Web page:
Wednesday, December 16, 2009
A Global Warming Conversation
Not too long ago I engaged a global warming disciple in a discussion about the warming of the globe. He had recently received a grant from the National Geographic Society to recover some fishing vessels on the northern shore of Alaska. These vessels had become accessible due to the retreat of the ice along that shore. This retreat apparently was the result of global warming.
The conversation went something like this:
Me: So Bill, that's amazing. You must be somewhat an expert on global warming.
Bill: Well, I know quite a bit about it.
Me: That's great. Do you mind if I ask you a few questions about it that have been bothering me for awhile?
Bill: No, not a bit. Go ahead.
Me: Ok, great. Bill, what's the average temperature of the earth since it's beginning?
Bill: What do you mean "the average temperature of the earth"?
Me: Well, if we're saying the earth is warming we must have a standard temperature we're comparing it with. Right?
Bill: We know the earth has been warming for the past 150 years.
Me: How much has it warmed?
Bill: Approximately 0.7˚F.
Me: How did they figure that out?
Bill: Using temperature readings throughout the globe and core samples from the earth.
Me: How did they measure temperature in Siberia 175 years ago? And what's the margin of error between thermometers? Or the margin of error with core samples?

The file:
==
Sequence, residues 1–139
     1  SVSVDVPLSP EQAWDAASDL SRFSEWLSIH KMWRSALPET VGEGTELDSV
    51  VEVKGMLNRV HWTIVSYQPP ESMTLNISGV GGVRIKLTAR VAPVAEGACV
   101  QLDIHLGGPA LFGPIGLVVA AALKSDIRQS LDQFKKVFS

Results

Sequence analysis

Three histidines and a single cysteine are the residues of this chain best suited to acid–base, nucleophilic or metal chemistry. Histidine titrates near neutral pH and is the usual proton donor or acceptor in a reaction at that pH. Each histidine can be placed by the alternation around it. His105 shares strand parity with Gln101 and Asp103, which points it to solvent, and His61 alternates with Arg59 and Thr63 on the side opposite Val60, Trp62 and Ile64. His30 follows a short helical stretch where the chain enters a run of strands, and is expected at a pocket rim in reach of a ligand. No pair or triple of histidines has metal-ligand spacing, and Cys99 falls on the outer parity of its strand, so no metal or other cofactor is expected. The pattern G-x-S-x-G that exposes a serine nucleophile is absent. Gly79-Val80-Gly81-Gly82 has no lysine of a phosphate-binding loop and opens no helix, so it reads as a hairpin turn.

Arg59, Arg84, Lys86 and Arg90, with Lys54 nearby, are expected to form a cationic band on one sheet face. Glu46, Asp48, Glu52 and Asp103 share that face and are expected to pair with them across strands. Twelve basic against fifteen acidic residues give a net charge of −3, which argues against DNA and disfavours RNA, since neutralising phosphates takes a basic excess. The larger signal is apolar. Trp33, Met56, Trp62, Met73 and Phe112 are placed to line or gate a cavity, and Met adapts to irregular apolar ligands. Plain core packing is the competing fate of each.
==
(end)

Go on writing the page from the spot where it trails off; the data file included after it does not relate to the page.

Bill: What do you mean?
Me: Well, let's say the margin of error is like political polling - plus or minus 4%. If it was -4%, wouldn't we be concerned about global cooling?
Bill: Where are you getting this stuff? Limbaugh?
Me: Limbaugh has nothing to do with it. These are basic common sense questions I have. Do you mind if I ask you another question?
Bill: Go ahead. Last one though.
Me: Do you know what the average temperature of the sun is since it's beginning? It would seem to me that since it's the sun warming the earth, we might want to know that. I think I heard somewhere the sun is slowly cooling. What do you think?
Bill: I don't want to talk about it anymore.
Things actually got somewhat heated (pardon the pun) on Bill's part. All his facts were based on looking at just the last 150 years, which in itself is subject to much error in my opinion. When I would try to look at the earth historically back to the age of the dinosaurs and Ice Age, he would have nothing to do with that. He's convinced humans, during their miniscule fraction of the earth's history (the last 150 years), are destroying the planet by causing it to warm. All I wanted him to do was convince me. He couldn't and got angry at the questions I asked him.
By the way, this morning when I got up, the temperature was 0.7˚F plus or minus 4%. Could've been much colder if not for global warming. Amen.